Bryan Fletcher, Taylor Fletcher

Fletcher brothers make it seven sibling sets on U.S. Olympic Team

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Bryan and Taylor Fletcher look to build on U.S. Nordic Combined’s breakout Olympics in 2010 as two of the leaders on the 2014 U.S. Olympic Nordic Combined Team.

The Fletchers joined 2010 Olympic champion Bill Demong and silver medalist Todd Lodwick on the four-man team. They are the seventh set of siblings on the 2014 U.S. Olympic Team, breaking the U.S. Winter Games record of six in 1964, when there were far fewer total athletes than today.

Demong is going to his fourth Olympics; Lodwick, previously named to the team, is headed for a record sixth Winter Olympics for an American, so long as his shoulder holds up.

“We’re hoping that [Lodwick] is going to be able to recover and contribute to the team,” U.S. coach Dave Jarrett said. “We’re not necessarily looking at the first individual event (Feb. 12) for Todd. We want to give as much time as possible for the fractures to heal.”

The team event is Feb. 20.

Bryan Fletcher, four years older than Taylor, was diagnosed with acute lymphoblastic leukemia at age 3, underwent seven years of chemotherapy and survived a stroke before his cancer went into remission.

Taylor Fletcher was also on the 2010 U.S. Olympic Team but was not chosen for the team event, where Demong and Lodwick won silver with Johnny Spillane and Brett Camerota.

“[Taylor] and his brother, Bryan, have begun to fill the void that Todd and Bill and Johnny have started to leave and are going to leave,” Jarrett said.

Earler in the Games, Spillane (now retired) won the first U.S. Olympic Nordic combined medal, a silver in the normal hill. Later, Demong won the first U.S. Olympic Nordic combined gold medal in the large hill.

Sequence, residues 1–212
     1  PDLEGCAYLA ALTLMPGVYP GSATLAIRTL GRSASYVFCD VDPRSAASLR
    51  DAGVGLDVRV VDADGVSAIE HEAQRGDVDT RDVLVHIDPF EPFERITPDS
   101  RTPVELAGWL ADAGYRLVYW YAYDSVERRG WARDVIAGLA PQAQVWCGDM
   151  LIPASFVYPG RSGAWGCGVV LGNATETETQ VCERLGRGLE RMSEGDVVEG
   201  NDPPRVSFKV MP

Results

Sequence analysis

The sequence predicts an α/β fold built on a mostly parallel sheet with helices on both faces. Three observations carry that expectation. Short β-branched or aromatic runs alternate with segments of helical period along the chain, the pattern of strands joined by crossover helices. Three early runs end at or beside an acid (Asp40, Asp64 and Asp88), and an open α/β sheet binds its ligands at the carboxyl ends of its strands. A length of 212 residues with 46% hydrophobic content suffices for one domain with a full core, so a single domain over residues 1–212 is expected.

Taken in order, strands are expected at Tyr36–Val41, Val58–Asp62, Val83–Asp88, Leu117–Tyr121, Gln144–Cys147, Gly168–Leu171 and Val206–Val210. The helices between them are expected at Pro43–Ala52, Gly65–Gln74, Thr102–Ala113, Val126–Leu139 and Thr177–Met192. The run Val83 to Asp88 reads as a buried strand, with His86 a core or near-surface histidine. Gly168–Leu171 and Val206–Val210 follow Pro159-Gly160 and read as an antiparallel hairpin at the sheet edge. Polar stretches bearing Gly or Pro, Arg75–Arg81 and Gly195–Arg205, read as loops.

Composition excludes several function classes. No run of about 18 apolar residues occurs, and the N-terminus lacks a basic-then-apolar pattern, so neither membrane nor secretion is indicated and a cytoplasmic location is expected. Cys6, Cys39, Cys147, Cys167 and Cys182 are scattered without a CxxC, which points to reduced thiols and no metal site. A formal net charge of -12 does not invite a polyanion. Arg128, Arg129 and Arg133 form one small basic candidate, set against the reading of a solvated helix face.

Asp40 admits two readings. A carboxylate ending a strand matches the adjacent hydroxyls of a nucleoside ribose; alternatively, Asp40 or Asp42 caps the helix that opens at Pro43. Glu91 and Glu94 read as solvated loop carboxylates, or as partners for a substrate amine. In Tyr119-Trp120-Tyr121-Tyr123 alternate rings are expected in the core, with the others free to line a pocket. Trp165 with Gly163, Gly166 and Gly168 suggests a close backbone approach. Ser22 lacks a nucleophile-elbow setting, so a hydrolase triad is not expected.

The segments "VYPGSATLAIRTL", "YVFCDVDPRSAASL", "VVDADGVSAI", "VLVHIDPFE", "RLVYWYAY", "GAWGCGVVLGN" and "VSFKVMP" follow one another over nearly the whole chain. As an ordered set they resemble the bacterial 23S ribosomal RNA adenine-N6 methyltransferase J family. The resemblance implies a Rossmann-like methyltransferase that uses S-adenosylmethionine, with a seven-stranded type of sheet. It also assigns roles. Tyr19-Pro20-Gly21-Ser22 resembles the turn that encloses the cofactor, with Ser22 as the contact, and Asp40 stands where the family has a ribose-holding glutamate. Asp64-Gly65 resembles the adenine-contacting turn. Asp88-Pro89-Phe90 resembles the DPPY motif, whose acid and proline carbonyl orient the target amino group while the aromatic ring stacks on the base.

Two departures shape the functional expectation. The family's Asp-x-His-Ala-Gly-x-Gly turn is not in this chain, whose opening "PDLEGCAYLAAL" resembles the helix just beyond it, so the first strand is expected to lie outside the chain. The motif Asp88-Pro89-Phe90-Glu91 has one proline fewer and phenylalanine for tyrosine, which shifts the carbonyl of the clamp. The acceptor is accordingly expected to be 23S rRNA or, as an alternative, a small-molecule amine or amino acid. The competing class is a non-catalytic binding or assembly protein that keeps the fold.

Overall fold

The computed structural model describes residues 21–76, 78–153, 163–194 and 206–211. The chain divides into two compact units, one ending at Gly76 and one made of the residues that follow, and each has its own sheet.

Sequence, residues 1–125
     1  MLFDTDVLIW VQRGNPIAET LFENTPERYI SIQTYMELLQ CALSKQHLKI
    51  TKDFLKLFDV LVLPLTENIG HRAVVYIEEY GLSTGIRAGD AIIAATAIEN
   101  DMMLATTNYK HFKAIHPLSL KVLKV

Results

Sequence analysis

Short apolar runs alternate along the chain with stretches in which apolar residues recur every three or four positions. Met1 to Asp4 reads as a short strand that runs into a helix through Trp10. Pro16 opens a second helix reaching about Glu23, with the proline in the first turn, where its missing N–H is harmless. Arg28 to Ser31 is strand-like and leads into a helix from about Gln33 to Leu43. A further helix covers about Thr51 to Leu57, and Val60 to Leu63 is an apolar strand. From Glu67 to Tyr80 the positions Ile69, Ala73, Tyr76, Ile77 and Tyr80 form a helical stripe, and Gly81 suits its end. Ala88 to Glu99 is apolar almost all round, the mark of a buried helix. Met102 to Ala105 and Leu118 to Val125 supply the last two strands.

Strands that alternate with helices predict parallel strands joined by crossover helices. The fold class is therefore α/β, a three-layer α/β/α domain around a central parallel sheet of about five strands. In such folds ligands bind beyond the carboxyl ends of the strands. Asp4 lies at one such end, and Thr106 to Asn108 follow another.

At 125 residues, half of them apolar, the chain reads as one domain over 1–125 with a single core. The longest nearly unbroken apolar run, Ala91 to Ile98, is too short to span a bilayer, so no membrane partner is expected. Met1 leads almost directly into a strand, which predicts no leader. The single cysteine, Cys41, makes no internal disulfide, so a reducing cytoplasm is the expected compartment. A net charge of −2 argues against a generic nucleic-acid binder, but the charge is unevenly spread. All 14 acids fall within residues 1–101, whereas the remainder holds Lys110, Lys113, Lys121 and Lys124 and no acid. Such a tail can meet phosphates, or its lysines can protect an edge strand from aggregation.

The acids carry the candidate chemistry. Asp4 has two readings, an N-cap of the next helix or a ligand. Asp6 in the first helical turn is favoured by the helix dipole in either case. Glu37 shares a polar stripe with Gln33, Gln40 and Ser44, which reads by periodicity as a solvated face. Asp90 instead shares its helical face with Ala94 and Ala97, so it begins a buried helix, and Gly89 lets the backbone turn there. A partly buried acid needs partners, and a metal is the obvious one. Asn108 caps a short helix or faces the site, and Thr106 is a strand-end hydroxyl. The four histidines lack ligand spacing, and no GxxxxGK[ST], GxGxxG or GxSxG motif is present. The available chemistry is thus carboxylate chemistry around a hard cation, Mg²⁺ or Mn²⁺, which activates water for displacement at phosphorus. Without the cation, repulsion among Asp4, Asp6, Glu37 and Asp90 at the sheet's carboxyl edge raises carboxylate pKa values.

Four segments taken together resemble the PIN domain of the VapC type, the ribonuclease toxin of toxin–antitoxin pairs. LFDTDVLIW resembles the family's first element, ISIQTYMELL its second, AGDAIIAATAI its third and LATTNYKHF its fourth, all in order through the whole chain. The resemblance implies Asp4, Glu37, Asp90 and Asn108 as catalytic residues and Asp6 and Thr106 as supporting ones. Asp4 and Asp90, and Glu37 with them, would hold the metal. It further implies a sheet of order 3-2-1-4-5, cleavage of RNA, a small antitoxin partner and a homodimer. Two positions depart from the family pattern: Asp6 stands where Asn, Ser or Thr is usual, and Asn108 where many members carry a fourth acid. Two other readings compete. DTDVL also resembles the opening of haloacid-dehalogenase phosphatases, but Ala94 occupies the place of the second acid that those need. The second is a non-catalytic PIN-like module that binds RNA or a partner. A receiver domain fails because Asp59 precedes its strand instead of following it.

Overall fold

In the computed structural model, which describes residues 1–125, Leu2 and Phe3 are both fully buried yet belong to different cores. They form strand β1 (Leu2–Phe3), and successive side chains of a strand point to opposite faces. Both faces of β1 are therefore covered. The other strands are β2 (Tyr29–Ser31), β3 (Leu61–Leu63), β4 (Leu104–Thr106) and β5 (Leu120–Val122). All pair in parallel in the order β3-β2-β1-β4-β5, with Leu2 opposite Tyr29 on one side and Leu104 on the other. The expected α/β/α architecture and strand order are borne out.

“Bill is close to medal contention now,” Jarrett said. “If anyone knows how to peak physically and mentally when you really have, to Bill Demong is one of the best in the world at doing that.”

This year’s team is unlikely to achieve that kind of success. No American man or team has made a World Cup podium this season — Bryan Fletcher ranks highest in overall standings at 18th. However, the team won World Championships bronze last year.

The Fletcher brothers join six other sets of siblings on the U.S. Olympic Team — cross-country skiers Erik and Sadie Bjornsen, curlers Craig and Erika Brown, figure skaters Maia and Alex Shibutani, hockey players Amanda and Phil Kessel and Jocelyne and Monique Lamoureux and snowboarders Arielle and Taylor Gold.

Demong and Taylor Fletcher engaged in playful bets the last two seasons. They resulted in Fletcher wearing a Captain America suit and Demong dressing as Aquaman in Europe.

Here’s the U.S. Olympic Nordic Combined Team:

Bill Demong — 1998, 2002, 2006, 2010 Olympian
Bryan Fletcher
Taylor Fletcher — 2010 Olympian
Todd Lodwick 
— 1994, 1998, 2002, 2006, 2010 Olympian

Snowboarder who lives in truck makes Olympics

Rory McIlroy worried Olympic golf may be done after 2020

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Rory McIlroy believes golf may not remain in the Olympics after 2020 following a string of major champions announcing they will skip the sport’s return at the Rio Games.

“Because of how [Olympic golf is] being approached in golf circles … I’m not sure if we’re going to have another opportunity to win a gold medal after [Tokyo 2020],” McIlroy said ahead of the Wells Fargo Championship in Charlotte, N.C., on Wednesday.

In 2009, the International Olympic Committee voted to re-add golf and rugby to the Olympic program for the 2016 Olympics, with a review in 2017 if they would remain for the 2020 Olympics.

In 2013, Tokyo was elected host city for the 2020 Olympics with a plan that includes golf.